“The improvements we’ve seen in riders are daily,” said Clifford. “We’ve seen people walk and talk that were told they never would.

“We’ve seen people that were told they were going to have to have spinal surgeries, (but after working at Horsepower), the doctors said they didn’t have to because their spines no longer were curving. We’ve seen improvement in our services because of the communities reaching out more, and we’re offering more services to different challenges that people have.”

Horsepower has helped people with autism, cerebral palsy, spinal cord injuries, multiple sclerosis, Parkinson’s disease and Down syndrome. These riders and their families typically attend classes at Horsepower weekly as a part of the six-week long sessions that are offered each season of the year.

“I think the most emotional thing that happened to me is when we had a little girl, … the doctor said … (she) was brain dead,” said Clifford. “And she queued her horse to walk on, so we knew that she had some brain activity and that we were reaching her. I think that was the most impactful thing that happened to me.”

A new facility for Horsepower is currently underway as Clifford and the Horsepower community hope to continue expanding the program along with its impact on the community.

“We are building a new facility and my desire, my dream, my goal is to have it completed while I am in charge, to make sure that it is here when I’m gone,” said Clifford. “Some people like to leave a legacy for personal reasons, I want to just make sure that it is here for the community members …

“We are always looking at how we can make enough money to pay our bills, so we’re kind of limited on what we can do here. We can have more riding services here, we can do more fundraisers, we can be more reliant on what we can do as opposed to what we can’t do.”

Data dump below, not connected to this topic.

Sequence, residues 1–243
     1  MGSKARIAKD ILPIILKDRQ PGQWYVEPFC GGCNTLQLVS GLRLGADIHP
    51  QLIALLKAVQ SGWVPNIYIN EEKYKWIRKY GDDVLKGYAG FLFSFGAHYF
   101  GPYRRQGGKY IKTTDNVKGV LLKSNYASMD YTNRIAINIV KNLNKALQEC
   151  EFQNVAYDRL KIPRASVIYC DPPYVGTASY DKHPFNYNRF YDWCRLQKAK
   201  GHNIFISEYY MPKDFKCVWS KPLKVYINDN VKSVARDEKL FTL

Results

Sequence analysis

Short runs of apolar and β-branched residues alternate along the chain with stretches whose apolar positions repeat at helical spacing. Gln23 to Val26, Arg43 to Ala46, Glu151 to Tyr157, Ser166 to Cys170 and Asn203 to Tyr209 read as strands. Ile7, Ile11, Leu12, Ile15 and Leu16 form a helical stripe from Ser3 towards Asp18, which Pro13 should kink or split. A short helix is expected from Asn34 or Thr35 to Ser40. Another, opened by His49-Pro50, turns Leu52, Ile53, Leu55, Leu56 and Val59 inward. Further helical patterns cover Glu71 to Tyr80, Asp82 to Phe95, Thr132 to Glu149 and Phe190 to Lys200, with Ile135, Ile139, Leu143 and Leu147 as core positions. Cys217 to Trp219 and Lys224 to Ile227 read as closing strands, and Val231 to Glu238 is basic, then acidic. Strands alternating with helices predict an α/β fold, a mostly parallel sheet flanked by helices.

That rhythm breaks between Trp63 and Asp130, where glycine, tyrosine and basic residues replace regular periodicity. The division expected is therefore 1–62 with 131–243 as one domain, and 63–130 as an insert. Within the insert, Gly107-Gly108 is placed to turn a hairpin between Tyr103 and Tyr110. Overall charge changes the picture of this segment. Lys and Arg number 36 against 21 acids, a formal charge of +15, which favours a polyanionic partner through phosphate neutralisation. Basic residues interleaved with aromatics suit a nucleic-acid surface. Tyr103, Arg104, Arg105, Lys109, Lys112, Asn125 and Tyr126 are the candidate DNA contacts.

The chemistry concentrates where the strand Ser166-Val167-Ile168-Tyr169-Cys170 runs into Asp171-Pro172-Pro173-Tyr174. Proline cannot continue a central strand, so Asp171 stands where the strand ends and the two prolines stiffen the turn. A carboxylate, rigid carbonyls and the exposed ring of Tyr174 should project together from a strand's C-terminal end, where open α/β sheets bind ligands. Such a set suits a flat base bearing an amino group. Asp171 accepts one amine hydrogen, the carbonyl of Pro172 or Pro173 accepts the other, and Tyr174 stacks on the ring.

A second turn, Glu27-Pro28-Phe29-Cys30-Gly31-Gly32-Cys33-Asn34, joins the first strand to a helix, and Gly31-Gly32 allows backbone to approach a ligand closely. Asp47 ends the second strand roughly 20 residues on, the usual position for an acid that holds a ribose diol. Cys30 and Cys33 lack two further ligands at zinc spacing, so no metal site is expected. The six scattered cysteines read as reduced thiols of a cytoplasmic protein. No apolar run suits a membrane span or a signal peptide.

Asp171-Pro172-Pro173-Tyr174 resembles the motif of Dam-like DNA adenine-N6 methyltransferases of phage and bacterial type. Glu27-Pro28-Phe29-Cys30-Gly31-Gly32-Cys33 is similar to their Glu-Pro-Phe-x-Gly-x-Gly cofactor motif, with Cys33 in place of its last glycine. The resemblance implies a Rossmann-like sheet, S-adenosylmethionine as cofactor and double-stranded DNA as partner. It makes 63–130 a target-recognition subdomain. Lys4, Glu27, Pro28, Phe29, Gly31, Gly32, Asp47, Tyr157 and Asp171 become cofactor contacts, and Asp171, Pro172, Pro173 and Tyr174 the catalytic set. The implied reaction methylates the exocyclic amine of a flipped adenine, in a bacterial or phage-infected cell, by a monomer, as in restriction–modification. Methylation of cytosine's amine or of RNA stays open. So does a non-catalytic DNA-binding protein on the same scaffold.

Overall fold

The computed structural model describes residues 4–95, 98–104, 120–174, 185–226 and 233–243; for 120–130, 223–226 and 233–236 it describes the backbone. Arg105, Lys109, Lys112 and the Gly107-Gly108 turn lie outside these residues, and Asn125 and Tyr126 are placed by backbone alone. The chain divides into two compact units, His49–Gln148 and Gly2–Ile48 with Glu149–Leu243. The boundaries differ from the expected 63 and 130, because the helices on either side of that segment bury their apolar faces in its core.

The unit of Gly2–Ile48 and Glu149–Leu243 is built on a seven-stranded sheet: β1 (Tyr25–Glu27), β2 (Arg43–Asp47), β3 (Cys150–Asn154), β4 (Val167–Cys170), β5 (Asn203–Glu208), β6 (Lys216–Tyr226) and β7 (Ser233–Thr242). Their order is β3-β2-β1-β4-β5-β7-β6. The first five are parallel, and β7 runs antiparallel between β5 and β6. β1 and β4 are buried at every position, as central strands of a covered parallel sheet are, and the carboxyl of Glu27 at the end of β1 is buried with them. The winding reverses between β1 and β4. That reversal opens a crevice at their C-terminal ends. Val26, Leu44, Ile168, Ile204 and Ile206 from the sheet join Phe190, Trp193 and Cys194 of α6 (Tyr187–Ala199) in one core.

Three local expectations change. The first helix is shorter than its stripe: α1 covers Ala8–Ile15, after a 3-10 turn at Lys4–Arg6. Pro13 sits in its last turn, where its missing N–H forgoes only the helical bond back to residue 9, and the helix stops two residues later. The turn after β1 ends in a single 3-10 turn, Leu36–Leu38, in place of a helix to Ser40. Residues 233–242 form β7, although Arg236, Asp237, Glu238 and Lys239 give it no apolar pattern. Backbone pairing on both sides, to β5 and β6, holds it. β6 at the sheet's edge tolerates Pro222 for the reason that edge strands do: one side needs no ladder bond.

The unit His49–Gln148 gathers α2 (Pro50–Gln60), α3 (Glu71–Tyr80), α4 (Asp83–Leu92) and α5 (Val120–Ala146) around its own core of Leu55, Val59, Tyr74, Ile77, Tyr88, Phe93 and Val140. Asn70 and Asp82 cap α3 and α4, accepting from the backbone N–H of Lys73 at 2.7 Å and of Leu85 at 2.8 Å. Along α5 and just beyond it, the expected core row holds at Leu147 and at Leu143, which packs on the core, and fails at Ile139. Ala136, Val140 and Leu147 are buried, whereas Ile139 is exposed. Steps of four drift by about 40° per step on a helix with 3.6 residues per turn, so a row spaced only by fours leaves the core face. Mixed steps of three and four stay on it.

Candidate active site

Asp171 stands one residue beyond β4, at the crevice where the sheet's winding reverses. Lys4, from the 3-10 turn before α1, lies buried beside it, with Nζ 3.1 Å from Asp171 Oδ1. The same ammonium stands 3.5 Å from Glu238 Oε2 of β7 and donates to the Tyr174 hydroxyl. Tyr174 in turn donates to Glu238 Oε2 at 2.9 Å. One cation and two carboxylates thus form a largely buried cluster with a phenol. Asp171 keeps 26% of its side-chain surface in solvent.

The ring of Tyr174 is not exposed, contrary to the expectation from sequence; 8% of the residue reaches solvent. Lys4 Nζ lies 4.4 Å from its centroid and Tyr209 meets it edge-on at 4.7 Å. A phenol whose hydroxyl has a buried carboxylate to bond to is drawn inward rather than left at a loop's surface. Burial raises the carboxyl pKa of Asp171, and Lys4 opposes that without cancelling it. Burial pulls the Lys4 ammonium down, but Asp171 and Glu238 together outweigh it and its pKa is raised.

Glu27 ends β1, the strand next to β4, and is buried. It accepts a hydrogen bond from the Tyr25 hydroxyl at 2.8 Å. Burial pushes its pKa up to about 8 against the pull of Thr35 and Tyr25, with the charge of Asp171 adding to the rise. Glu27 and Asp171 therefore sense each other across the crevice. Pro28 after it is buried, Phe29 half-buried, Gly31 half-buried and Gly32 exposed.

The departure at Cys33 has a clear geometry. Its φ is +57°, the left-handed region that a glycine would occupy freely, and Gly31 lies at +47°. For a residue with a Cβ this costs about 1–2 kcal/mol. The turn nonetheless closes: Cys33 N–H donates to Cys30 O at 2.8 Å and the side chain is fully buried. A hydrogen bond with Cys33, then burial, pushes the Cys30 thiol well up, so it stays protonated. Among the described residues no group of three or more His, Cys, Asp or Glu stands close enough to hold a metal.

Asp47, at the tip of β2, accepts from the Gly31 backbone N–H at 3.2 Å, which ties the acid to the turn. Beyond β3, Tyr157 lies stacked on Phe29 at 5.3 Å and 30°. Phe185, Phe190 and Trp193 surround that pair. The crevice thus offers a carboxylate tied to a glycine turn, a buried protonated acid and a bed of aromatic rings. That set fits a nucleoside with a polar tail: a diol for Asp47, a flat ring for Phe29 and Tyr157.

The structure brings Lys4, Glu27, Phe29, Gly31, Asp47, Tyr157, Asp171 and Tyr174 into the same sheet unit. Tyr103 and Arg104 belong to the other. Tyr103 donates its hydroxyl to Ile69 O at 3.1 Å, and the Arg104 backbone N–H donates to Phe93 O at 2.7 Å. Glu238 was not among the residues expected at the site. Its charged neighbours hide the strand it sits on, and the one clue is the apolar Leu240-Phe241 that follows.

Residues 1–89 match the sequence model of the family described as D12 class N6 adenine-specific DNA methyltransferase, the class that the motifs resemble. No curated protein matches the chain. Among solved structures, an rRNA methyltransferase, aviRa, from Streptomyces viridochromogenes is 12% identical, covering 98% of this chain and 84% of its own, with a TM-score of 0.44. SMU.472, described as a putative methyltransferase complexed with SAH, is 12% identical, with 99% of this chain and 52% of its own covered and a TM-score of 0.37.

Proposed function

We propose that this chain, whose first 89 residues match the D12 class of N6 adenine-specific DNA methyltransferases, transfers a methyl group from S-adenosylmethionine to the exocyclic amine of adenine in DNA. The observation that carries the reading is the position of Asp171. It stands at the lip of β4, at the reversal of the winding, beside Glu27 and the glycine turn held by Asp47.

In bringing together a community of diverse riders, volunteers, families and supporters, Horsepower continues to grow as it provides individuals and community members with support and encouragement, along with a sense of security and belonging.

“(We’ve) really grown in the community, just since I’ve been here so I really hope, especially when we move, we can expand our program even more,” said Pinchot. “I love even the impact that having volunteers come out here, seeing them grow. Volunteering is a passion of mine … You think that you’re going to give back as a volunteer, but really you get a lot more. And you’re also impacting people’s lives, so giving people that opportunity to volunteer … I think will be very beneficial, just to give kids a chance.”

Along with its therapeutic riding, speech therapy and programs for veterans, Horsepower’s volunteer program plays a significant role in the organization and its community.

“I love the idea of being able to walk alongside the students,” said volunteer Maria Dibenedetto. “They get a lot of joy out of being on the horses, and it’s just very rewarding.”

In an effort to serve others and promote a sense of community, Horsepower provides people with an engaging and enriching experience through offering therapeutic horseback riding to those with disabilities.

“When you watch these children who can’t walk,” said Byrd. “And most … of them are autistic, and then there’s Down syndrome, blind, wheelchair bound, paraplegic, and … they get on the back of that horse and they can feel. They have legs, they have eyesight … The thing that makes me want to be here is that I am blessed more than the people that come here when (I) see what it does for these children.”